University of San Diego School of Law has launched a new Center on Intellectual Property Law and Markets. The center will train students in the fundamentals of intellectual property laws and the ways clients use IP rights to compete in real-world markets. It will also provide a forum where lawyers, clients, judges and policymakers can share ideas about IP doctrines and policies.
The center will be intellectually rigorous and intensely practical, according to USD School of Law Dean Kevin Cole. "It's not enough to train students in theory and doctrine," he explained. "Students need to know how patent, copyright, trademark and trade-secret laws work, and why they work as they do; but it's just as important that they understand how clients use these rights to develop and run businesses."
USD's focus on the role of IP rights in markets will distinguish it from other, more traditional IP centers.
"Take open-source software, for example," said David McGowan, the Lyle L. Jones Professor of Innovation and Competition Law at the law school, who will head the center. "Understanding how the licenses work presents some nifty copyright issues in the abstract, and we'll teach those. But our students will also learn how different firms use open-source projects as a complement to a consulting business model or a hardware business model."
Providing opportunities for students and community members to engage current IP policy issues, the center's policy workshops will focus on the intersection between economic analysis and IP policy.
"Economic analysis is as central to IP policy now as it has been to antitrust law for the past 30 years. This means scholars who study law and economics can add value to the work of lawyers and clients," McGowan said. "The people you will see at our workshops will be the people you might see as experts or amicus counsel."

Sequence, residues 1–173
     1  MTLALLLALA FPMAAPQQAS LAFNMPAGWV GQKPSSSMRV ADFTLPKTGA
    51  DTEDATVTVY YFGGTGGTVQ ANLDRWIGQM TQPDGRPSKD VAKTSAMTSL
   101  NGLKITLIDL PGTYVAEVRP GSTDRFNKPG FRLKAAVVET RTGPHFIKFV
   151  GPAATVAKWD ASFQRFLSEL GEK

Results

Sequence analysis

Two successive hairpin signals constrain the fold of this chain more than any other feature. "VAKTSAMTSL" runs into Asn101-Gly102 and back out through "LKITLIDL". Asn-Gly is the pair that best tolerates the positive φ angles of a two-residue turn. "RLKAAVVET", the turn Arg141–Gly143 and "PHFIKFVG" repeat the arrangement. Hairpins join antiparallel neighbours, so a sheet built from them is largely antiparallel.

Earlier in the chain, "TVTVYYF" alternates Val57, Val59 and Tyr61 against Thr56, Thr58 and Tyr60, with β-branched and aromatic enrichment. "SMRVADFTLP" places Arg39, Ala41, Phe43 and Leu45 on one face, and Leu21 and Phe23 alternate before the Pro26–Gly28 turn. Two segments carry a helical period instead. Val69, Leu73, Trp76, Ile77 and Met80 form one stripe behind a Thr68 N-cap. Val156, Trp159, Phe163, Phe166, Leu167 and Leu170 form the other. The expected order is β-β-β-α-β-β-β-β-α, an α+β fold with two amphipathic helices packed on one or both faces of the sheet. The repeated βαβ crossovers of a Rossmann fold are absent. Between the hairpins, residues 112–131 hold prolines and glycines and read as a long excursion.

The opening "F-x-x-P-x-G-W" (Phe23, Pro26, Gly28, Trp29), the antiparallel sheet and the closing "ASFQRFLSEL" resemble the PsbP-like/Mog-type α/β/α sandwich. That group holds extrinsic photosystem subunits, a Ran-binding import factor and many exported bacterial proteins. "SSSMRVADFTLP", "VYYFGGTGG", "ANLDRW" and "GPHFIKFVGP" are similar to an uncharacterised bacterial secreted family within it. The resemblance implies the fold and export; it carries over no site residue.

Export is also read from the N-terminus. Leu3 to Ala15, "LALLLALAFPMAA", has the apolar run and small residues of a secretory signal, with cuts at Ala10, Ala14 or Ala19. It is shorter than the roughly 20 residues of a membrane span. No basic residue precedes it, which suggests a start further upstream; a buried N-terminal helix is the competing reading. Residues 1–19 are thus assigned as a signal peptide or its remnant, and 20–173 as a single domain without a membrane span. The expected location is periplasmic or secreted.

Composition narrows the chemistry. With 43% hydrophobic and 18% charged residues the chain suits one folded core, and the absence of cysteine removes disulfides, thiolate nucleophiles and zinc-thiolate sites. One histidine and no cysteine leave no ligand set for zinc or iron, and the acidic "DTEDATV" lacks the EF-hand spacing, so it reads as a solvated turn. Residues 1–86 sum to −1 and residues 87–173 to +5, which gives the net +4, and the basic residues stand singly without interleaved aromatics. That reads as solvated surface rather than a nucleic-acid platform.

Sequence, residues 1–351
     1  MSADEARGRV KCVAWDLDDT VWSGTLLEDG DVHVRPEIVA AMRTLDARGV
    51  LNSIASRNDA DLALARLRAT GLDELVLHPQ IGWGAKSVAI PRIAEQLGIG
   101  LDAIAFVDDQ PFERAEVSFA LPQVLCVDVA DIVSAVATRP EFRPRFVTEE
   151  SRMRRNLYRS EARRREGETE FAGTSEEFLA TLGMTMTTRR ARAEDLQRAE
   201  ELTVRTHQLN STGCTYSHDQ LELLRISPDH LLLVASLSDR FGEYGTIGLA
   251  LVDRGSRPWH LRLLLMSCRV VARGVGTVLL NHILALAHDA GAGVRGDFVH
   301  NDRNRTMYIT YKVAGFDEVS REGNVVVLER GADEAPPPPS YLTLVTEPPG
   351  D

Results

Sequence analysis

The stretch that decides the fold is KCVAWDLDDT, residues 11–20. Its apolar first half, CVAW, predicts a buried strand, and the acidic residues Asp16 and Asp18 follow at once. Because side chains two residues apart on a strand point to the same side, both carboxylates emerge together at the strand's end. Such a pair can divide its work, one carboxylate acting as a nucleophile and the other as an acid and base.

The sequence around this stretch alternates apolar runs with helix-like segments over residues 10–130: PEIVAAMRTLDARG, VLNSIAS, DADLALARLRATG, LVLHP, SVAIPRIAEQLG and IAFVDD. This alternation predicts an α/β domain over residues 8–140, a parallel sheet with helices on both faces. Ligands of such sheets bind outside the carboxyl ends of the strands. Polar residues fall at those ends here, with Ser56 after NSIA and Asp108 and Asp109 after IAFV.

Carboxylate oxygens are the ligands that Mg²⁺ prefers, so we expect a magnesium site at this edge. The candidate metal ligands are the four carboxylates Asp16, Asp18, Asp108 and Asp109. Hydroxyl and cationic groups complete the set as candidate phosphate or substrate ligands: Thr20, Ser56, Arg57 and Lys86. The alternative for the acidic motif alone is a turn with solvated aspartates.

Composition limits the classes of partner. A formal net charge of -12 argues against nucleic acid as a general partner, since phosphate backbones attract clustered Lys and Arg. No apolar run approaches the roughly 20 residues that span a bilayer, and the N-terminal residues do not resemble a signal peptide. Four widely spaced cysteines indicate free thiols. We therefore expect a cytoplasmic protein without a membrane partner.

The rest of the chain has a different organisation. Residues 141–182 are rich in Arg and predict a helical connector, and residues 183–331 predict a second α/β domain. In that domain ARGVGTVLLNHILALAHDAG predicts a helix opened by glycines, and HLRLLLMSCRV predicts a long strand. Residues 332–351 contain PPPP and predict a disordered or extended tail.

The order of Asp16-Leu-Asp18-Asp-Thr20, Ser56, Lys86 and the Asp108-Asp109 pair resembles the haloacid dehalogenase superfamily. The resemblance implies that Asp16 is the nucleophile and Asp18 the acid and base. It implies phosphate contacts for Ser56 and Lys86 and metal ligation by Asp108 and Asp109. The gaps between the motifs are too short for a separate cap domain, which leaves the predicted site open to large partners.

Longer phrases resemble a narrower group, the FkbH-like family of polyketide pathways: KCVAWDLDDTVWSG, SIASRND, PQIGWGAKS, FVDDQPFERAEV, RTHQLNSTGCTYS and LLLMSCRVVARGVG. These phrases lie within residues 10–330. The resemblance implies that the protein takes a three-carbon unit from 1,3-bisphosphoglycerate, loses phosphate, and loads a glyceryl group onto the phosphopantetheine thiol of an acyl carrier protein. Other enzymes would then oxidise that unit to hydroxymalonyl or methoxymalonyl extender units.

The Center on IP Law and Market's first workshop, to be held in March, will focus on the question whether current patent doctrine imposes excessive royalties on defendants whose products may be the subject of multiple patents.
"It's called the royalty-stacking debate," McGowan said. "It raises questions such as whether courts should prefer damages to injunctions if infringement is found and, if so, how the damages should be calculated. Those are the types of questions that determine what your patents are worth once you get them."
The royalty-stacking program will feature scholars from Harvard, Stanford, Chicago and other leading universities as well as lawyers who work in the industries affected by this issue. Future programs will focus on such issues as reverse-payment settlements in pharmaceutical cases, antitrust and IP policy regarding conduct in standard-setting organizations, and inequitable conduct doctrine.
For more information about the Center on Intellectual Property Law and Markets, contact Professor David McGowan at firstname.lastname@example.org.
Submitted by University of San Diego School of Law